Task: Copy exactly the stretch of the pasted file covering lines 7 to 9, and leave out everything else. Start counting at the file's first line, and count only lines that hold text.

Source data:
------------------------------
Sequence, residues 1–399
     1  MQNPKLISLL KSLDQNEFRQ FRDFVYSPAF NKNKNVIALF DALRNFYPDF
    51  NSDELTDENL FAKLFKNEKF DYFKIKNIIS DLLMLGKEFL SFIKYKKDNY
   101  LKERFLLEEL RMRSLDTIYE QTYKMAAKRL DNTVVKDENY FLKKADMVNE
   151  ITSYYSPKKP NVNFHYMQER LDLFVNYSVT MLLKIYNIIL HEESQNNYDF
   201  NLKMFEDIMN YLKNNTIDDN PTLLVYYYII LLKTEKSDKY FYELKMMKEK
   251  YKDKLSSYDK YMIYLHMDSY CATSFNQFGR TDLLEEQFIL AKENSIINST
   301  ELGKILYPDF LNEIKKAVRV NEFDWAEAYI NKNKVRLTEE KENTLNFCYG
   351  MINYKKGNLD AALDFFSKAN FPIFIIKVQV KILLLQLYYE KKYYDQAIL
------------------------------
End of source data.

   251  YKDKLSSYDK YMIYLHMDSY CATSFNQFGR TDLLEEQFIL AKENSIINST
   301  ELGKILYPDF LNEIKKAVRV NEFDWAEAYI NKNKVRLTEE KENTLNFCYG
   351  MINYKKGNLD AALDFFSKAN FPIFIIKVQV KILLLQLYYE KKYYDQAIL